Josh Bell

Just because a movie is British and/or independent doesn't excuse it from being predictable, sappy and manipulative. The British independent drama Dear Frankie is all three, and just because it features a patina of Scottish working-class grime and lacks a cute Hollywood actress doesn't mean it's great cinema.

It doesn't mean it's bad cinema, either; it's more like middling cinema, perfectly decent if you like predictable, sappy and manipulative movies that exist to do little more than make you cry, but no better than your average Meg Ryan movie. Ryan's part is played by Emily Mortimer, who brings a bit of restraint to her clichéd role of the independent-but-vulnerable single mother who's escaped a bad relationship and just wants to do what's right for her precocious, adorable kid, Frankie (Jack McElhone).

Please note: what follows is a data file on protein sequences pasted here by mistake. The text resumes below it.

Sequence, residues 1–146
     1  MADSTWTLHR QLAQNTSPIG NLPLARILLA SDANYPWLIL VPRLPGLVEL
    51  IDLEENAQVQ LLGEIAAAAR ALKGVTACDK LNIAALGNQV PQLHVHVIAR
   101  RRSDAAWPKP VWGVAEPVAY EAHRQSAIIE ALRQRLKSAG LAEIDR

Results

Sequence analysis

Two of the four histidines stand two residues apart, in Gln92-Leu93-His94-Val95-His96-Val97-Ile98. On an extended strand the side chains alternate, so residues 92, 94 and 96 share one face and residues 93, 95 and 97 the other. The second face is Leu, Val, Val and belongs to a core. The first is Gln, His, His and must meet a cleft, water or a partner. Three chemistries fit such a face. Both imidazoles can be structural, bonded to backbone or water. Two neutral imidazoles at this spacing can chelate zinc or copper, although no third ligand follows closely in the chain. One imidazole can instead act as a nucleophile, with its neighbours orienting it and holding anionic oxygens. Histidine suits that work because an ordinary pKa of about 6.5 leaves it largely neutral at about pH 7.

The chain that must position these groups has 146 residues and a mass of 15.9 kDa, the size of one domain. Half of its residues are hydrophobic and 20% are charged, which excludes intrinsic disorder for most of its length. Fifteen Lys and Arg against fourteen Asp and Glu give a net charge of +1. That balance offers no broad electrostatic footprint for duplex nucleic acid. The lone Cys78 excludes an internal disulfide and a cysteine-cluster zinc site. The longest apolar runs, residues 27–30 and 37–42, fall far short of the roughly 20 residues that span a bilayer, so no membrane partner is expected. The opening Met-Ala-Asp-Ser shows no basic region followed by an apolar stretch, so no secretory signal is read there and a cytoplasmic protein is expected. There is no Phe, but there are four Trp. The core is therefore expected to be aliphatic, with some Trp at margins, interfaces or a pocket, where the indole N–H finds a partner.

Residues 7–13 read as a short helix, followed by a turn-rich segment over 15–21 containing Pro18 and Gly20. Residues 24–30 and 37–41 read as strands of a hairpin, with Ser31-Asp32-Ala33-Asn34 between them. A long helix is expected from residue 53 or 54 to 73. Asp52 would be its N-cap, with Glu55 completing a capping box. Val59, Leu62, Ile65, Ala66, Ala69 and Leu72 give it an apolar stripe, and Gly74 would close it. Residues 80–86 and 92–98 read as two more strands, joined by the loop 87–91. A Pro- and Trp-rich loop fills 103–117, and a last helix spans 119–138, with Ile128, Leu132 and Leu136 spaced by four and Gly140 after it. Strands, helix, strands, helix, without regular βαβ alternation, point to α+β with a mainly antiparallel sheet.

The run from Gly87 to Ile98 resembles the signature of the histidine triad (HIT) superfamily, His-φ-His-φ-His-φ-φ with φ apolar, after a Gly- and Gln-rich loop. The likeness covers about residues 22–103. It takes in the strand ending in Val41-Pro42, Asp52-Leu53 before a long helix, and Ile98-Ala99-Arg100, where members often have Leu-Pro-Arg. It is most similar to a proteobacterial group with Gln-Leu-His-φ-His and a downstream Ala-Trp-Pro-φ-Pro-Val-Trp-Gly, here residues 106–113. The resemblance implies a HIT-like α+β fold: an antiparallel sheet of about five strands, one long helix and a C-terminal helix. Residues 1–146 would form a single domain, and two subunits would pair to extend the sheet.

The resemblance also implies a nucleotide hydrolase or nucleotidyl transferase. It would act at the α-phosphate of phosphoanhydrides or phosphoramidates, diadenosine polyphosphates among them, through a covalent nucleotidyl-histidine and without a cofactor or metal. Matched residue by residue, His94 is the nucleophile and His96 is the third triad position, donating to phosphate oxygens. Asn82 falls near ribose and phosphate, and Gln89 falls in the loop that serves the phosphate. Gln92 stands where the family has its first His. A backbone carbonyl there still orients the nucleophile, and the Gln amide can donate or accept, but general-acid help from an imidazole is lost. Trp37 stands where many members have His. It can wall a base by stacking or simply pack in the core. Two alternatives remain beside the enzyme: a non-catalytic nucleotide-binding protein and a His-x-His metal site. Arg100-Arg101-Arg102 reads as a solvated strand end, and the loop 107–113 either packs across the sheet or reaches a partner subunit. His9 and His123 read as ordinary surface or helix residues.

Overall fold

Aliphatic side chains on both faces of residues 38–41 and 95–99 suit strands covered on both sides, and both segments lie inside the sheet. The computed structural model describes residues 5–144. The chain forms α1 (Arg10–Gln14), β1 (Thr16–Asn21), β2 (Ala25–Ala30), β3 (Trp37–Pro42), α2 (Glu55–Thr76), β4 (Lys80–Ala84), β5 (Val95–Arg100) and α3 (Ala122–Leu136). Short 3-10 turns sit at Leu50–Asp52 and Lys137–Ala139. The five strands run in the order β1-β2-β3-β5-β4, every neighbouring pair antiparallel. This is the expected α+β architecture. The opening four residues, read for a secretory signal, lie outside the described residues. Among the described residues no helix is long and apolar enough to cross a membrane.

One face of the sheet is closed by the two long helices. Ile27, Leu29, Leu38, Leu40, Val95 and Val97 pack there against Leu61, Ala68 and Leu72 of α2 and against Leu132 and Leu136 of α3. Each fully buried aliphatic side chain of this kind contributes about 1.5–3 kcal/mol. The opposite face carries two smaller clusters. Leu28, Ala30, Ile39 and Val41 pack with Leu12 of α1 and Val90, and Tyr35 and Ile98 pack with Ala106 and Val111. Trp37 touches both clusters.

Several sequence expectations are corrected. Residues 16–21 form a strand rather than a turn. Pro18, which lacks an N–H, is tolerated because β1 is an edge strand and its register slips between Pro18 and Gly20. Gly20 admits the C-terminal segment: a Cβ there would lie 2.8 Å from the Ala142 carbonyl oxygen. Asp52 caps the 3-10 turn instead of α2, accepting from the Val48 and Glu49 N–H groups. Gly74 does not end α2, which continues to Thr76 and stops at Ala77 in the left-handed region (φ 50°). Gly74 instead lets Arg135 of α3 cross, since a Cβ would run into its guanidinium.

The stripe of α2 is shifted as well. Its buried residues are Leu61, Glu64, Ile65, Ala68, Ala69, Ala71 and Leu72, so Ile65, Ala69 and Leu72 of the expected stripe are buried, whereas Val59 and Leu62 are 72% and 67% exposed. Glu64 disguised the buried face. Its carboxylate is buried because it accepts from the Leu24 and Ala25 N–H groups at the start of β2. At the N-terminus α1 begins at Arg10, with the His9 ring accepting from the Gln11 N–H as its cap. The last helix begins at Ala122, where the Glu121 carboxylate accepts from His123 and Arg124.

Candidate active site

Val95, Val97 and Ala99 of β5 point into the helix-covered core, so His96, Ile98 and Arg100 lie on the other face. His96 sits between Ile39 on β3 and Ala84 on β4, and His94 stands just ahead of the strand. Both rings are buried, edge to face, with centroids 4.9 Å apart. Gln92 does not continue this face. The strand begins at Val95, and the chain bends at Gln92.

Not only is Frankie adorable and precocious, he's also deaf. How much harder can writer Andrea Gibb and director Shona Auerbach tug on your heartstrings? How about having Frankie write letters to his absent dad, whom he believes is sailing around the world, only to have them intercepted and answered by his mum? Not enough? How about the boat that Mum claims Dad is on, sailing into port, and Mum having to hire a mysterious stranger (Gerard Butler) to impersonate Frankie's dad? How about Mum and the mysterious stranger starting to share a Very Special Connection? Will she dare let another man into her heart even though she's been hurt before? Will Frankie figure out their elaborate ruse and have his little, precocious, deaf heart broken? Have you shed a tear yet?

If you have, you'll probably love this movie, and there's not necessarily anything wrong with that. It's only that you'd love it just as much if it starred Kate Hudson or Julia Roberts, and critics praising it as a nuanced, subtle drama are fooling themselves. Dear Frankie is a sticky ball of sap, and you shouldn't let its accent or film-festival appearances convince you otherwise.

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